7. Cal Warren…Do you know if there Are any pictures of the Annie Young or her caption George Hayman? He would have been my grandfather…my mom was Ellen the oldest of his three children.


  8. My wife Katherine Hardy and I used to live with her grandmother the late Lillian Hayman in 1976-78!
    I often heard Lillian talk about how the loss of so many men in Fox island caused the woman to take on task that were ordinarily men’s work.
    She herself was a midwife from Fox island, and also was real good with carpentry tools and the like.
    She said that in the absence of the men the had no choice but to adapt.

    Now some 40 years later I have a broader understand.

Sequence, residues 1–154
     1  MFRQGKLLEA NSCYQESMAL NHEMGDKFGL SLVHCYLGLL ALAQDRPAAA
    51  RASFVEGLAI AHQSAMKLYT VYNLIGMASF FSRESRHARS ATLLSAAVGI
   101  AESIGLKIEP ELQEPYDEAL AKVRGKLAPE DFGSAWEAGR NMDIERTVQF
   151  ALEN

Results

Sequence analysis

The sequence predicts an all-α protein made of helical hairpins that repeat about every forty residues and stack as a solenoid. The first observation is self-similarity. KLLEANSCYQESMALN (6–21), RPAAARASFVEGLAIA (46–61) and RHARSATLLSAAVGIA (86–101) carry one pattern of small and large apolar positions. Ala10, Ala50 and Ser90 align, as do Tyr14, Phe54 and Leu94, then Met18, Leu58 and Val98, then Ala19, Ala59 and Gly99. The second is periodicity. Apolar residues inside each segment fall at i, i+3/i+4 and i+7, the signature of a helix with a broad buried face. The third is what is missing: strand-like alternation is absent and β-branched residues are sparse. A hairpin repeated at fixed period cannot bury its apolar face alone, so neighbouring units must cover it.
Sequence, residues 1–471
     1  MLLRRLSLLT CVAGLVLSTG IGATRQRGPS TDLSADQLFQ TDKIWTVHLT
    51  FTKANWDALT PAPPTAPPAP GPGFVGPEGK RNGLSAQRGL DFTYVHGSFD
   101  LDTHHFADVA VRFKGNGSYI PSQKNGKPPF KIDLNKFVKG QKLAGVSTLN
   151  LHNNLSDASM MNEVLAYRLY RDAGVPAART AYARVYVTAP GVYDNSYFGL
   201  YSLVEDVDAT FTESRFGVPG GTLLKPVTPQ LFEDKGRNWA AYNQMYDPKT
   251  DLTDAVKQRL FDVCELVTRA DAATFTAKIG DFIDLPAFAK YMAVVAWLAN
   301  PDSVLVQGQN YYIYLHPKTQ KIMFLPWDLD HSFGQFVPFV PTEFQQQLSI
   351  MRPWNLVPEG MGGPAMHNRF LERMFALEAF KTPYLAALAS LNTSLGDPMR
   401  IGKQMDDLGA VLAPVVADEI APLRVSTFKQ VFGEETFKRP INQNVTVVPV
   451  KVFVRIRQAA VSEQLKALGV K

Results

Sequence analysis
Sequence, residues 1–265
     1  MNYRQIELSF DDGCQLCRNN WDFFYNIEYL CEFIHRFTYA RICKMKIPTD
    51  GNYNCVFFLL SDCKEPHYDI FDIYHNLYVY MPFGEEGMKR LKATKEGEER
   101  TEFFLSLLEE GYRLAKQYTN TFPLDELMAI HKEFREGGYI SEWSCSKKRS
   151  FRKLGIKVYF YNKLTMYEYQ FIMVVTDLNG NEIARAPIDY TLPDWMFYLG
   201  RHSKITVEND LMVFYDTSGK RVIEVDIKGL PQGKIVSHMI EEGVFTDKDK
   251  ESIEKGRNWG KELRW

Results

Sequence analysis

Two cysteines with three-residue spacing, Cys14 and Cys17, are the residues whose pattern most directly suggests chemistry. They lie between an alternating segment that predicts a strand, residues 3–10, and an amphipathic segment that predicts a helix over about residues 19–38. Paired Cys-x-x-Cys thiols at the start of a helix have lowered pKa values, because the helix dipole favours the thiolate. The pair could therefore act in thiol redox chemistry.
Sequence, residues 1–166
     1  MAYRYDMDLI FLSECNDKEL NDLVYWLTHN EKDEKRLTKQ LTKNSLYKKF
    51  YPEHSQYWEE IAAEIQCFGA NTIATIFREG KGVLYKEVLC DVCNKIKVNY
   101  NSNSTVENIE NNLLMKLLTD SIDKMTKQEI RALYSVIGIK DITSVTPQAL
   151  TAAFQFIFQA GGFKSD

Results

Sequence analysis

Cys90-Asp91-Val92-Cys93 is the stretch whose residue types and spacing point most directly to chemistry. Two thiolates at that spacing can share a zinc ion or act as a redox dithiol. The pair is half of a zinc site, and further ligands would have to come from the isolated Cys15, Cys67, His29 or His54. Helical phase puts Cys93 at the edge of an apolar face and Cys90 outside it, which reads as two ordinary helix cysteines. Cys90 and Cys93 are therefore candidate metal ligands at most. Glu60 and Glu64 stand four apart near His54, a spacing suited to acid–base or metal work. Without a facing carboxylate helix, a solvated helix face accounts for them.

Out of adversity we grow strong, and such was the case for the fox islanders .

  9. Heather Sparling says:

    Thank you for this information! I often disagreed with a disaster scholar colleague about the definition of disaster. A number of scholars insist that a disaster can only be deemed a disaster when there is a major impact on human social life. This could be the loss of telecommunications or the loss of significant infrastructure, such as roads or buildings. As a result, this colleague argued that shipwrecks did not constitute a disaster because they occurred at sea, causing no direct damage to any given community. And with relatively small numbers of deaths, he argued, the loss of life was rarely significant. You tell a different story: the loss of life was in fact so significant that it changed the way that labour was divided and performed in the community. I have good fuel for my side of the debate now! ;-)

  10. Gery says:

    Here is a mobile-friendly page with a video and notes at GEST Songs of Newfoundland and Labrador: